I have had a ton of trouble with a leak from the crank area. This is bad because an oil soaked belt is probably going to fail. I have replaced the seal and spacer more than once and I thought that the time the pulley nut had loosened had caused some of my troubles, too.
All new stuff and good and tight. The little greenish line is nail polish I marked the front pulley nut with to inspect for loosening. The leak is this bad after 100 miles and just stopped long enough to get gas. UGH, UGH, UGH.
I'm not sure what to think at this point. I'm concerned the case insert might be leaking as shown here.
Pulled everything down and it looked like this. I really can't figure out the source of the leak. The area around the seal, spacer and crank are dry.
So here's how to pressure test.
First off, a fitting something like this. A timing plug drilled to take a nipple. Racepres lent me his.
Air fitting goes into timing hole.
So I did some looking for a spacer to take up the room of the rotor and pulley. The crank spacer has to be tight to seal. I used an 1 1/4 pipe coupling. It was 2 inches long and I should have bought the shorter one, but this worked fine.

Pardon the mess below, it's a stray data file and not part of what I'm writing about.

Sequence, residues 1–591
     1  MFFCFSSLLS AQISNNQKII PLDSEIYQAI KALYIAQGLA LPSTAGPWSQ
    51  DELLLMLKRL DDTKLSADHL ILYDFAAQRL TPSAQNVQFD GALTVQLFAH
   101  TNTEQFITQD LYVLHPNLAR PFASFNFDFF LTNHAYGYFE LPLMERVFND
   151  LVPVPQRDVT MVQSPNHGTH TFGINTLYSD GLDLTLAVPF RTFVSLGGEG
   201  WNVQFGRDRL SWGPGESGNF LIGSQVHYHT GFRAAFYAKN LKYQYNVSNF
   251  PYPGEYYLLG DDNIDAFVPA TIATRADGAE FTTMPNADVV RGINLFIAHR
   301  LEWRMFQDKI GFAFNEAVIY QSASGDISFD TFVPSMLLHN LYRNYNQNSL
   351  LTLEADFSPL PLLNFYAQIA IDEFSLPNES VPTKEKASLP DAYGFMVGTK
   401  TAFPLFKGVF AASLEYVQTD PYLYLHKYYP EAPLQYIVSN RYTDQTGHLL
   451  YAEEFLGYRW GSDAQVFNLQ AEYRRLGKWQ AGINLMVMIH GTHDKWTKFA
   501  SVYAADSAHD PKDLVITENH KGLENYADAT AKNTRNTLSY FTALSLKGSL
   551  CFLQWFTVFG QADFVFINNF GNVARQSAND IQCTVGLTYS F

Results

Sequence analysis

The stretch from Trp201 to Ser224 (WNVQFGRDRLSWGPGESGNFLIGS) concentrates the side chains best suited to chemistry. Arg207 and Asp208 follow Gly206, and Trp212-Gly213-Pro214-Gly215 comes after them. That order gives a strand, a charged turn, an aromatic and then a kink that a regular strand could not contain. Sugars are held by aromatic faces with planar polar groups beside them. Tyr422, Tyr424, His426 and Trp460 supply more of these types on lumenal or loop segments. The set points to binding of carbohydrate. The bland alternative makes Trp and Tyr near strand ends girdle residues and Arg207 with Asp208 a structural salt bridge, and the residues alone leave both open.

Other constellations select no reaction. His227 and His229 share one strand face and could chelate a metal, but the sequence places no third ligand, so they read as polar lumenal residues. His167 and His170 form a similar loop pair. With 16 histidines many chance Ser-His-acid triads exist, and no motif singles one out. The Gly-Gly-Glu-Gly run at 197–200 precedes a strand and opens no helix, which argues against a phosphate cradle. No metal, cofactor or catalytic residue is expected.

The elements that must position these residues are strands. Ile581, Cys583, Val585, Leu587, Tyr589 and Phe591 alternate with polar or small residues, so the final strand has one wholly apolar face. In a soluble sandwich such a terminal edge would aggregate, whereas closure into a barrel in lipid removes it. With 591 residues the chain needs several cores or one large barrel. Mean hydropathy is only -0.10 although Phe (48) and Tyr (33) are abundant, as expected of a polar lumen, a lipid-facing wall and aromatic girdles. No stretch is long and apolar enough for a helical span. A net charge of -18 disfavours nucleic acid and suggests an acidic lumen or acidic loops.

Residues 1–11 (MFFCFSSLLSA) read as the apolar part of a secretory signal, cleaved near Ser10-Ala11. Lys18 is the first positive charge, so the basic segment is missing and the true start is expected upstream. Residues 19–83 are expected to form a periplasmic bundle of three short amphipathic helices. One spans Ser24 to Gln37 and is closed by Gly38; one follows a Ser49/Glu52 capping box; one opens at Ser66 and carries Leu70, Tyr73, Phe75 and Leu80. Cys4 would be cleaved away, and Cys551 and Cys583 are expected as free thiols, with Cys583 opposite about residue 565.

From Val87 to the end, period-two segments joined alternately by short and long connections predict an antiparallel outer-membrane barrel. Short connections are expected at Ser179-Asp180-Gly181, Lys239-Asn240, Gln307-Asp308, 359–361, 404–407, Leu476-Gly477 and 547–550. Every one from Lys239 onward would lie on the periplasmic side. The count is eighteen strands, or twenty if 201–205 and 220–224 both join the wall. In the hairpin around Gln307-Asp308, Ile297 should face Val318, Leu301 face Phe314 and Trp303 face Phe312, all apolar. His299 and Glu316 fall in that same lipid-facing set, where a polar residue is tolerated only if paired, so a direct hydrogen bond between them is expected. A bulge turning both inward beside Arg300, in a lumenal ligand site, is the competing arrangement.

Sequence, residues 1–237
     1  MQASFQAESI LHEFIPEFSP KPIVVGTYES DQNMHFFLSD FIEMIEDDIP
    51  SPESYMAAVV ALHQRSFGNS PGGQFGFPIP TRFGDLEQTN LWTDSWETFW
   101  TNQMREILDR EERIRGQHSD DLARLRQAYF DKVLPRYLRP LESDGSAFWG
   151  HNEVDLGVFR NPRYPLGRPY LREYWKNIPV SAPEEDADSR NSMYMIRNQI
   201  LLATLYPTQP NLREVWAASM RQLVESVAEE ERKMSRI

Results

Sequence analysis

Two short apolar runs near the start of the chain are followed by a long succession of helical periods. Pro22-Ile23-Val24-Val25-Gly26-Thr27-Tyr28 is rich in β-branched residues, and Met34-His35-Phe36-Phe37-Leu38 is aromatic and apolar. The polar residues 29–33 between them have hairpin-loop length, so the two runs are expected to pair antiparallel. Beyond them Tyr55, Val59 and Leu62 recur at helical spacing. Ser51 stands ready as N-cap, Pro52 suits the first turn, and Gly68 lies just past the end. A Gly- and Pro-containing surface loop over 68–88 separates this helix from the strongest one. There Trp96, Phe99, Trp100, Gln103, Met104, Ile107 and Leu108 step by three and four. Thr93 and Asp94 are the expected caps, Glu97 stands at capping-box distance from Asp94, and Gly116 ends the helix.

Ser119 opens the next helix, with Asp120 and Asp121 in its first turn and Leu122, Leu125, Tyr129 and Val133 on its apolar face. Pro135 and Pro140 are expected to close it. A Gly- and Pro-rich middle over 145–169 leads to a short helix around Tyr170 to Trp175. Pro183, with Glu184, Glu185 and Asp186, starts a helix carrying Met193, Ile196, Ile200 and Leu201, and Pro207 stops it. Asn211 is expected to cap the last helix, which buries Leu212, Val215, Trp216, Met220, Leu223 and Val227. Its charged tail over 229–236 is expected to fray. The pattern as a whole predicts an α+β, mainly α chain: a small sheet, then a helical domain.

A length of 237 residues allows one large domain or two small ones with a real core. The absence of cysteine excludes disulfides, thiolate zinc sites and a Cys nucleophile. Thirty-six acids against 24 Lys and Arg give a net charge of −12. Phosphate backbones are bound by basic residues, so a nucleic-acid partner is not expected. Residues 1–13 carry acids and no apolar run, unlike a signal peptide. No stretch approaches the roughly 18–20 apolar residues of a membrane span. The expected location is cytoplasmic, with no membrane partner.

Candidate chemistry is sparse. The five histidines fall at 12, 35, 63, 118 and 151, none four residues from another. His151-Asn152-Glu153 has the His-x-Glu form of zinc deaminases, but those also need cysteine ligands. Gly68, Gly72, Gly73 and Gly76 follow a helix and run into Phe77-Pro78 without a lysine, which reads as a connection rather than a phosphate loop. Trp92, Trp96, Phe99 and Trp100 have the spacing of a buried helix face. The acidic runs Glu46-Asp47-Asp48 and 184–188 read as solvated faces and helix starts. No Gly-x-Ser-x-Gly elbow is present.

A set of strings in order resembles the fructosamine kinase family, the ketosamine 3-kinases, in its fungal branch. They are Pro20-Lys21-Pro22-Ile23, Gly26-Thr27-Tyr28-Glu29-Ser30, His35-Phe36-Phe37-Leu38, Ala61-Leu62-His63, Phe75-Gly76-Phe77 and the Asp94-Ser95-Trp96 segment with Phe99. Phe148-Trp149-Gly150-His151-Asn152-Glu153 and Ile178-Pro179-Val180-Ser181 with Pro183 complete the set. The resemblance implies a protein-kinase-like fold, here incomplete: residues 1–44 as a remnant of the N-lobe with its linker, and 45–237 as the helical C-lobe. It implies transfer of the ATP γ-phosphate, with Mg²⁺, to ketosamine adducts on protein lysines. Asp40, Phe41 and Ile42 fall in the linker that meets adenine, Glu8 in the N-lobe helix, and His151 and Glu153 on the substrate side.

On to the right side of the motor. The line that vents from the case to the oil tank needs plugged.
The regular crankcase breather needs plugged, too. I pulled the breather hose because I wanted to double check that this line wasn't blocked by debris or something causing high crankcase pressure.
I lowered the regulator pressure on my air compressor to somewhere between 5 to 10 psi. I blew into the nipple at the timing hole. The only bubbles I can find were from my front exhaust pushrod tube and rear intake pushrod tube. The insert was fine, the spacer to seal was fine, the spacer to shaft gap is about impossible to verify with the pipe coupling holding the spacer and seal together.
The plan is to silicone the heck out of the spacer and rotor meet-up and throw the breather gear back to the marks instead of the one off mark that the degree said was right.